Oberon /ˈoʊbərɒn/, also designated Uranus IV, is the outermost major moon of the planet Uranus. It is the second-largest and second most massive of the Uranian moons, and the ninth most massive moon in the Solar System. Discovered by William Herschel in 1787, Oberon is named after the mythical king of the fairies who appears as a character in Shakespeare‘s A Midsummer Night’s Dream. Its orbit lies partially outside Uranus’s magnetosphere.
It is likely that Oberon formed from the accretion disk that surrounded Uranus just after the planet’s formation. The moon consists of approximately equal amounts of ice and rock, and is probably differentiated into a rocky core and an icy mantle. A layer of liquid water may be present at the boundary between the mantle and the core. The surface of Oberon, which is dark and slightly red in color, appears to have been primarily shaped by asteroid and comet impacts. It is covered by numerous impact craters reaching 210 km in diameter. Oberon possesses a system of chasmata (graben or scarps) formed during crustal extension as a result of the expansion of its interior during its early evolution.
The Uranian system has been studied up close only once: the spacecraft Voyager 2 took several images of Oberon in January 1986, allowing 40% of the moon’s surface to be mapped.
Oberon was discovered by William Herschel on January 11, 1787; on the same day he discovered Uranus’s largest moon, Titania. He later reported the discoveries of four more satellites, although they were subsequently revealed as spurious. For nearly fifty years following their discovery, Titania and Oberon would not be observed by any instrument other than William Herschel’s, although the moon can be seen from Earth with a present-day high-end amateur telescope.
All of the moons of Uranus are named after characters created by William Shakespeare or Alexander Pope. The name Oberon was derived from Oberon, the King of the Fairies in A Midsummer Night’s Dream. The names of all four satellites of Uranus then known were suggested by Herschel’s son John in 1852, at the request of William Lassell, who had discovered the other two moons, Ariel and Umbriel, the year before. The adjectival form of the name is Oberonian, /ˌɒbəˈroʊniən/.
Oberon was initially referred to as “the second satellite of Uranus”, and in 1848 was given the designation Uranus II by William Lassell, although he sometimes used William Herschel’s numbering (where Titania and Oberon are II and IV). In 1851 Lassell eventually numbered all four known satellites in order of their distance from the planet by Roman numerals, and since then Oberon has been designated Uranus IV.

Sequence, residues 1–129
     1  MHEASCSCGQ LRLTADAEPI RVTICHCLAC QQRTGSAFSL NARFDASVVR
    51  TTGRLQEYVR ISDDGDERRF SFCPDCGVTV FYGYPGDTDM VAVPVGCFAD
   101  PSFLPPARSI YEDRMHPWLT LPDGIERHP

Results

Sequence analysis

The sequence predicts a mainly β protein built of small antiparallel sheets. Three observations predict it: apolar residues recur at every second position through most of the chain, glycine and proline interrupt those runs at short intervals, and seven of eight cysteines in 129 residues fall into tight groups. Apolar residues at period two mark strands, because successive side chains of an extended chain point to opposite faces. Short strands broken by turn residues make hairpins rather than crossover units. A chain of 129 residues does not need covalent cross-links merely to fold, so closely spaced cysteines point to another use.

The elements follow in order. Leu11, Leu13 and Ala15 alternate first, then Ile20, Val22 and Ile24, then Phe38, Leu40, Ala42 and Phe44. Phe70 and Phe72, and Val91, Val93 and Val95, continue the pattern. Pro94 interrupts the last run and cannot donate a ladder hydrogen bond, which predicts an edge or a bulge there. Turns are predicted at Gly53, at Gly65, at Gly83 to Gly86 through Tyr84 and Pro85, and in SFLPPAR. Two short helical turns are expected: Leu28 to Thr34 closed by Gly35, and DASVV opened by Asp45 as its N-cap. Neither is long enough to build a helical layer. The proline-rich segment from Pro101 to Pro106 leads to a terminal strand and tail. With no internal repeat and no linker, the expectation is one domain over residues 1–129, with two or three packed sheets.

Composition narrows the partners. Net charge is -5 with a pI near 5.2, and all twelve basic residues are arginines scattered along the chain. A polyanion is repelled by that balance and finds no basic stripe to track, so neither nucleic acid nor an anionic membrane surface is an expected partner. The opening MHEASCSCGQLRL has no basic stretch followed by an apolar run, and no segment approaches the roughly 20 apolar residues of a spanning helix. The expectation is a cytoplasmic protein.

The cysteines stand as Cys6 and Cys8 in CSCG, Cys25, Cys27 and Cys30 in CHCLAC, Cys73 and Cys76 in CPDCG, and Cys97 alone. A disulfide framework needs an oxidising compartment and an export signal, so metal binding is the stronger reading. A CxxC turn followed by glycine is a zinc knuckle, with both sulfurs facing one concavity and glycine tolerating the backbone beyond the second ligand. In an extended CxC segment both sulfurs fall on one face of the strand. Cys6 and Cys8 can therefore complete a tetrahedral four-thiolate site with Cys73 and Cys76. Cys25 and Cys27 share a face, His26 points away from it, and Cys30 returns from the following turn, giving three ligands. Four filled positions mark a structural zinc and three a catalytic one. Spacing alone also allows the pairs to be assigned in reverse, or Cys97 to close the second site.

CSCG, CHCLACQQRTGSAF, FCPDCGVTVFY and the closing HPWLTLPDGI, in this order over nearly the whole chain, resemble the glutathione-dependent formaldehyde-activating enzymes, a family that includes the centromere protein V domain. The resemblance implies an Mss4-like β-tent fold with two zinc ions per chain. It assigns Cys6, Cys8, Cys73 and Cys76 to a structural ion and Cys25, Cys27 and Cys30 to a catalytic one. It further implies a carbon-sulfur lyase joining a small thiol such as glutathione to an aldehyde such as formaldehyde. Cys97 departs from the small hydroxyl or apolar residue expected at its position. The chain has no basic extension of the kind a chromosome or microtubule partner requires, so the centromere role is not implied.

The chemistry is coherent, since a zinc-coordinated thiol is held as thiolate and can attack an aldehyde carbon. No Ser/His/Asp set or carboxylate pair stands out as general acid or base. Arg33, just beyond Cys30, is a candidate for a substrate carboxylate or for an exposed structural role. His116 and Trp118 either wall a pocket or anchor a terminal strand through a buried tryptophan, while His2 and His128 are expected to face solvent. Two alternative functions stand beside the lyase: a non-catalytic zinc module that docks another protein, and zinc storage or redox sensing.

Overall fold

Oberon orbits Uranus at a distance of about 584,000 km, being the farthest from the planet among its five major moons.[e] Oberon’s orbit has a small orbital eccentricity and inclination relative to the equator of Uranus. Its orbital period is around 13.5 days, coincident with its rotational period. In other words, Oberon is a synchronous satellite, tidally locked, with one face always pointing toward the planet. Oberon spends a significant part of its orbit outside the Uranian magnetosphere. As a result, its surface is directly struck by the solar wind. This is important, because the trailing hemispheres of satellites orbiting inside a magnetosphere are struck by the magnetospheric plasma, which co-rotates with the planet. This bombardment may lead to the darkening of the trailing hemispheres, which is actually observed for all Uranian moons except Oberon (see below).
Because Uranus orbits the Sun almost on its side, and its moons orbit in the planet’s equatorial plane, they (including Oberon) are subject to an extreme seasonal cycle. Both northern and southern poles spend 42 years in a complete darkness, and another 42 years in continuous sunlight, with the sun rising close to the zenith over one of the poles at each solstice. The Voyager 2 flyby coincided with the southern hemisphere’s 1986 summer solstice, when nearly the entire northern hemisphere was in darkness. Once every 42 years, when Uranus has an equinox and its equatorial plane intersects the Earth, mutual occultations of Uranus’s moons become possible. One such event, which lasted for about six minutes, was observed on May 4, 2007, when Oberon occulted Umbriel.
Oberon is the second largest and most massive of the Uranian moons after Titania, and the ninth most massive moon in the Solar System.[f] Oberon’s density of 1.63 g/cm³, which is higher than the typical density of Saturn’s satellites, indicates that it consists of roughly equal proportions of water ice and a dense non-ice component. The latter could be made of rock and carbonaceous material including heavy organic compounds. The presence of water ice is supported by spectroscopic observations, which have revealed crystalline water ice on the surface of the moon. Water ice absorption bands are stronger on Oberon’s trailing hemisphere than on the leading hemisphere. This is the opposite of what is observed on other Uranian moons, where the leading hemisphere exhibits stronger water ice signatures. The cause of this asymmetry is not known, but it may be related to impact gardening (the creation of soil via impacts) of the surface, which is stronger on the leading hemisphere. Meteorite impacts tend to sputter (knock out) ice from the surface, leaving dark non-ice material behind. The dark material itself may have formed as a result of radiation processing of methane clathrates or radiation darkening of other organic compounds.